Probability

Rationality

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Consider the following game that costs $2 to play: You roll a fair, six-sided die. You are awarded a $6 prize if, and only if, you roll a six; otherwise, you get nothing. Should you play the game? Well, considering the odds, the average payout - or "expected utility" - is (1/6)x($6)=$1, which is *less* than the $2 cost of playing. Therefore, since over many trials you would lose out, you should not play this game.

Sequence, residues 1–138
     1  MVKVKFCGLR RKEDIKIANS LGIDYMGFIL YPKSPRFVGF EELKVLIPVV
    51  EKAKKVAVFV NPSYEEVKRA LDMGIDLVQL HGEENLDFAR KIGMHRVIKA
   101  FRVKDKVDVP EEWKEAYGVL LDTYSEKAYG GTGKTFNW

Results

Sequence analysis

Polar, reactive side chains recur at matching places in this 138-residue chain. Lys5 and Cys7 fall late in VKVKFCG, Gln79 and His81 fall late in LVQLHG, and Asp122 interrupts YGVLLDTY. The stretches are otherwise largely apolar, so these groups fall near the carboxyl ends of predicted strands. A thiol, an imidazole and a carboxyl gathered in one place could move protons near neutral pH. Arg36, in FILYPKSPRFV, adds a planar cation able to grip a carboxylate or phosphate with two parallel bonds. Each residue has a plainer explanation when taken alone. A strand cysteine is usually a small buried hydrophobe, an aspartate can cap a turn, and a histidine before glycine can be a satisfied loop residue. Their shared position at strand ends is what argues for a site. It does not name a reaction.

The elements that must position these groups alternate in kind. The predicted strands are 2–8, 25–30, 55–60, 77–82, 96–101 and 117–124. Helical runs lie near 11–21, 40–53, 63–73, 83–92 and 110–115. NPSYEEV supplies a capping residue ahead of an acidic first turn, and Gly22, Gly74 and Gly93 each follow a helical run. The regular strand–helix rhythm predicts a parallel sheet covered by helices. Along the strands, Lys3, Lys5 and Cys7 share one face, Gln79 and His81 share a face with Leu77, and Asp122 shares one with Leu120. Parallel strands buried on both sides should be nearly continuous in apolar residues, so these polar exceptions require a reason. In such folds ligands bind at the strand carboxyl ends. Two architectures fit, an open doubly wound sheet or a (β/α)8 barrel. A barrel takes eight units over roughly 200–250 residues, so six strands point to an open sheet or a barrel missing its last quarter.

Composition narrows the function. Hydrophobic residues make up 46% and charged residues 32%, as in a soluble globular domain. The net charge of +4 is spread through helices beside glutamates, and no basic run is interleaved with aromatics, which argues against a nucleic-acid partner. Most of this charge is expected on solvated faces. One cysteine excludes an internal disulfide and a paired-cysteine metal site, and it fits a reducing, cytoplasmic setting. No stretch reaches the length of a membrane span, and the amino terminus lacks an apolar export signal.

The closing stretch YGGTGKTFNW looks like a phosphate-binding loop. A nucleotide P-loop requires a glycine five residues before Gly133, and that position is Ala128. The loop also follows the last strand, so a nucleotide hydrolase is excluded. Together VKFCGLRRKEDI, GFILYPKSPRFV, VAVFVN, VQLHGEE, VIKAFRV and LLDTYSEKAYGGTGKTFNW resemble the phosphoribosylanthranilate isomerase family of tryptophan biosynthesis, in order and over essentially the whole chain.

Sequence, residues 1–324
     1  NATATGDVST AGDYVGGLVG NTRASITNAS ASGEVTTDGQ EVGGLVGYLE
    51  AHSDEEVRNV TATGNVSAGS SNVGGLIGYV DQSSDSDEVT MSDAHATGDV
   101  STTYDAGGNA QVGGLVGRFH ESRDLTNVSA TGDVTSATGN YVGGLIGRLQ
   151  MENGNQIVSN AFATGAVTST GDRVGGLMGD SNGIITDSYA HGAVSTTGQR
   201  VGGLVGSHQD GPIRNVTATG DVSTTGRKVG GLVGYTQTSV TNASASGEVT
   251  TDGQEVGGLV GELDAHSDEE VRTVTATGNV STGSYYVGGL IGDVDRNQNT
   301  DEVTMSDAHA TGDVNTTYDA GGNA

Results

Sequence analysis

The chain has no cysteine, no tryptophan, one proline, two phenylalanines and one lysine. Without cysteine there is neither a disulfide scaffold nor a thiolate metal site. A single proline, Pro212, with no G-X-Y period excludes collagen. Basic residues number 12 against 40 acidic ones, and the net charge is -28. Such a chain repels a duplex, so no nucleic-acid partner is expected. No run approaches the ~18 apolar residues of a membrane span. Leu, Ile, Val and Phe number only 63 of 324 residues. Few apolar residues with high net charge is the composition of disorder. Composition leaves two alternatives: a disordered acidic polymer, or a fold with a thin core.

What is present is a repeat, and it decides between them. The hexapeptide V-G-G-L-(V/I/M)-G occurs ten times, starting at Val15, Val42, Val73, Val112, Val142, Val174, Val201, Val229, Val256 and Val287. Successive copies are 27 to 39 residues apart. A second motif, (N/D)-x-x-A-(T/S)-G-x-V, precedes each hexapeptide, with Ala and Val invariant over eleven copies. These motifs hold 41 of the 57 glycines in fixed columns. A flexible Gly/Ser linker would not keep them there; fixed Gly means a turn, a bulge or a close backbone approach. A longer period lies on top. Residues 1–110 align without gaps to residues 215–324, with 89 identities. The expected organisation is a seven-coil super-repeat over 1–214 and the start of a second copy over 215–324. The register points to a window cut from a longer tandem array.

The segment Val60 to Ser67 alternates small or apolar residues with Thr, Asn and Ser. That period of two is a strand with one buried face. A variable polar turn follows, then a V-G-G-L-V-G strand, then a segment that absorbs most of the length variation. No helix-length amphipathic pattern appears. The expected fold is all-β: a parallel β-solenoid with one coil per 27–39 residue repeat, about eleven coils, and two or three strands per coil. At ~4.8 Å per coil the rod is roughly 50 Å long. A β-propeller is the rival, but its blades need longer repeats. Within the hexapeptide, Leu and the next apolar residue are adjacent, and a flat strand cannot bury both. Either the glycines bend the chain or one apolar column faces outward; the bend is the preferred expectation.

That line of reasoning sounds OK. But let's say you are given a chance to play only once. What sort of bearing does this "average payout" argument have on this special "one shot" case? If you are in this for a single trial, it is not obviously irrelevant what the trend is "over many trials?"
Accepted:January 24, 2008

Accepted:

January 24, 2008